English star Jodie Stimpson won the first gold medal of Glasgow 2014 here this afternoon with a superb victory in the women's triathlon, after a superbly contested race under blue skies in an electric atmosphere.
If there was any doubt that the crowd support here in Scotland's second city would be as emphatic as it had been two years ago at the London 2012 Olympic Games, that fear was put to bed in the very first event today as thousands of fans lined both sides of Strathclyde Loch.
And the crowd appeared as knowledgeable as they were enthusiastic as they cheered on every athlete in the field, regardless of nationality, in what proved to be an pulsating race.
After a lead pack of six was eventually whittled down to the three medal winners halfway through the 10 kilometre run, which came after 1.5 kilometre swim and 40km bike sections, Stimpson broke clear with less than 400 metres to go to take the biggest victory of her career.
The 2013 World Championships Series runner-up finished ahead of two surprise packages, in Canada's Kirsten Sweetland and Stimpson's compatriot Vicky Holland.
Two of the big favourites, Andrea Hewitt of New Zealand and Emma Jackson of Australia, finished in fourth and fifth place respectively.
Stimpson was always one of the favourites for the gold medal, particularly after the withdrawal of Wales' reigning world champion Non Stanford, and her team mate Helen Jenkins, the former world champion in 2008 and 2011, through injury over recent weeks.
But living up to a favourites tag is always easier said than done in a sport as gruelling as triathlon.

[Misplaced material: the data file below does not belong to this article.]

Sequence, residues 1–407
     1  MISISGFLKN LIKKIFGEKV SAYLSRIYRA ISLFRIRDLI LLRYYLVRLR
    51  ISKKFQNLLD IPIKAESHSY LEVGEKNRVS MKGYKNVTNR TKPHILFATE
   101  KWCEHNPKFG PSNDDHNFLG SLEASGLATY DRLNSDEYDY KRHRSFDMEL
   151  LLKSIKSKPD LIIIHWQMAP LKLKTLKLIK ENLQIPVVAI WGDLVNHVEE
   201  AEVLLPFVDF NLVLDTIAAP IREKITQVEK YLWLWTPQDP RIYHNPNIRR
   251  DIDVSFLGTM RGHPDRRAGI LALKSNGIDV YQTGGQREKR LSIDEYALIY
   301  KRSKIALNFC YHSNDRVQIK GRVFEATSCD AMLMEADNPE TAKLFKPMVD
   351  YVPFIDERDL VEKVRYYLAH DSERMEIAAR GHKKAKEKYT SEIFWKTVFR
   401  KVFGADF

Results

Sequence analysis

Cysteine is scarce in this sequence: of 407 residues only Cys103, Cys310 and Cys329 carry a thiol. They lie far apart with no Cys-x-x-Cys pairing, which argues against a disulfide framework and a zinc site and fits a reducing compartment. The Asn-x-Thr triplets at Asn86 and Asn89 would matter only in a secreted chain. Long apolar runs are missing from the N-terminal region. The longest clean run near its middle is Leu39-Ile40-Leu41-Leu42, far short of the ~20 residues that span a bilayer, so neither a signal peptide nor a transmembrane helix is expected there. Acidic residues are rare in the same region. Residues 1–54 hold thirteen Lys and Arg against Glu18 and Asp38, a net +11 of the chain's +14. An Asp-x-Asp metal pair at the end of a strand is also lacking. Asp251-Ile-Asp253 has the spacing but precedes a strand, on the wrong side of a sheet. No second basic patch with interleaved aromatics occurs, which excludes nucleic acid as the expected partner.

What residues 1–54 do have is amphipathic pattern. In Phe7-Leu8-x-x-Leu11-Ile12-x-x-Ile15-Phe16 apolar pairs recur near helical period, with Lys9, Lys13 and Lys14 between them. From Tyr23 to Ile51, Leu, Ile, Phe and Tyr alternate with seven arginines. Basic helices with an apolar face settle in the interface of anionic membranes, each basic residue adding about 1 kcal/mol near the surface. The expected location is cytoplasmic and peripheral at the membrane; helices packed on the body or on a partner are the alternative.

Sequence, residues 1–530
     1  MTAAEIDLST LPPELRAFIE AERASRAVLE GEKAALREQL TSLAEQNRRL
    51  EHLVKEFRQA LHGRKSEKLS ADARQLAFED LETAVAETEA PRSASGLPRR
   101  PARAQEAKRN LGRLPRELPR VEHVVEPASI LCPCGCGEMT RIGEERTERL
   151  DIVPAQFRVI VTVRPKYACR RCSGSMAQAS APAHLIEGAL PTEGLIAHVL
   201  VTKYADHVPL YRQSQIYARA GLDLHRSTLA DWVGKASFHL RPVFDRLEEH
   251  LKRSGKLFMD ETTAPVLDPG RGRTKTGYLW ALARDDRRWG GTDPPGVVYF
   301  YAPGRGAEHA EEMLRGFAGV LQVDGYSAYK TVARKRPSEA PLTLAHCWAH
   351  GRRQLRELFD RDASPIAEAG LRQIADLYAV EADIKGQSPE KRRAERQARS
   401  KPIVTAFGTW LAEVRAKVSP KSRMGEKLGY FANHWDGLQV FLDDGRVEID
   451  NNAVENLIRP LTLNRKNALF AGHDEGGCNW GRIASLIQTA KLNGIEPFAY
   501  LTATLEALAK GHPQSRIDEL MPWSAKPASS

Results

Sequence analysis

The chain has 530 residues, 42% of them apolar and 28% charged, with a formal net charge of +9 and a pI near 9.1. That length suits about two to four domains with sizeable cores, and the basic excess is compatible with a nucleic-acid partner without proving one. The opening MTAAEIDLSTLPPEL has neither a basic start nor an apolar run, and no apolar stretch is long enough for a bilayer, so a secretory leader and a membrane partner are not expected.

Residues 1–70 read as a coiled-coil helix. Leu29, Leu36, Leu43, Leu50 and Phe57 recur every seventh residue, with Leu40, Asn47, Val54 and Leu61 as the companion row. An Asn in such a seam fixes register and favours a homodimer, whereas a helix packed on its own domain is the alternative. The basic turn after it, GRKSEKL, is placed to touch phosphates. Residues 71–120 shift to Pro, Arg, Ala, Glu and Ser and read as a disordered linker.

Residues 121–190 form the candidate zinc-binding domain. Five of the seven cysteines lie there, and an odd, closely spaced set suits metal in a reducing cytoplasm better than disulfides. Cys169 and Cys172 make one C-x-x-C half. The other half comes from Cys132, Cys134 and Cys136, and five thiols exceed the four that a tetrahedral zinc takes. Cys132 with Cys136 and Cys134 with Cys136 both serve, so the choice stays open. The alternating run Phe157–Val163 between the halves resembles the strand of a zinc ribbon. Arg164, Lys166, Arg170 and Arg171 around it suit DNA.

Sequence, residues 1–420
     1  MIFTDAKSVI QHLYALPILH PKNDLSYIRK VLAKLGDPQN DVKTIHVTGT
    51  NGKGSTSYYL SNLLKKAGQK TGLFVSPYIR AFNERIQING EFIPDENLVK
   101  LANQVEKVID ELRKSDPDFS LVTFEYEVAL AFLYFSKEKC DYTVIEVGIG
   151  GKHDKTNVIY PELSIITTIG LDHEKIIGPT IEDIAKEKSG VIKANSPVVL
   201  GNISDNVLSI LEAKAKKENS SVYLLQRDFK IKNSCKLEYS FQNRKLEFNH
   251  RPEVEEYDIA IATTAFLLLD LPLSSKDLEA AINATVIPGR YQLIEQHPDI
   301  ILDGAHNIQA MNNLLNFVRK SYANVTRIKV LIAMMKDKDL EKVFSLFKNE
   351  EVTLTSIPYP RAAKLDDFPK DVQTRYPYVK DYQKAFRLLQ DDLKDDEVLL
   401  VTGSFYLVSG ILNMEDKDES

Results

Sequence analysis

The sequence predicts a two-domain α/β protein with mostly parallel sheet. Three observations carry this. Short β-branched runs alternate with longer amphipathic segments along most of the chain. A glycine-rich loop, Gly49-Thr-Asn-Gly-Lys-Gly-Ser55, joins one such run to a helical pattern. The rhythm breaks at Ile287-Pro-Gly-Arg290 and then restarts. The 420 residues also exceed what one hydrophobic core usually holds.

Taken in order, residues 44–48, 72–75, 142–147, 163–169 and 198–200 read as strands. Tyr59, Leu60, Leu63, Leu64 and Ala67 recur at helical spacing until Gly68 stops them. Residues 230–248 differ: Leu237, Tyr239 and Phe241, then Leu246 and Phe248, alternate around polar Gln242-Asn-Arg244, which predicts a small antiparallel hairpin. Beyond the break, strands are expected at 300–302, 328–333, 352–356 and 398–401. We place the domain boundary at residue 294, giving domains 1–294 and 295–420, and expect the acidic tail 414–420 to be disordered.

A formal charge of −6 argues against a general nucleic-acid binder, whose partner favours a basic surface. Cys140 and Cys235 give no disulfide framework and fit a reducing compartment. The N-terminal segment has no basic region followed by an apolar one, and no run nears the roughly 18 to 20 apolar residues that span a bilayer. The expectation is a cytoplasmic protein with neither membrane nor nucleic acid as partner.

After a fierce pace was set by the third member of the England team, Lucy Hall, who led after the swim and at one point held a 32 second lead on the bike, Stimpson timed her effort to perfection.
"It's just overwhelming," the 25-year-old told BBC Sport afterwards.
"We're a really close team out there and to get another England girl on the podium is fantastic too."
The England team will have a big opportunity to achieve more success this afternoon, when London 2012 Olympic champion Alistair Brownlee toes the line in the men's race, along with his younger brother, Jonathan, the winner of the 2012 world title as well as the Olympic bronze.
Richard Murray of South Africa is set to provide the toughest challenge.
And if the men's race proves as thrilling, it will mark the perfect advertisement for the sport of triathlon, just as it will be for the spectacle, atmosphere, and sporting-quality of Glasgow 2014.
July 2014: Glasgow 2014 Opening Ceremony gets Commonwealth Games off to uniquely Scottish start
September 2013: Home star Stanford lights up London with a thrilling world title earning Grand Final victory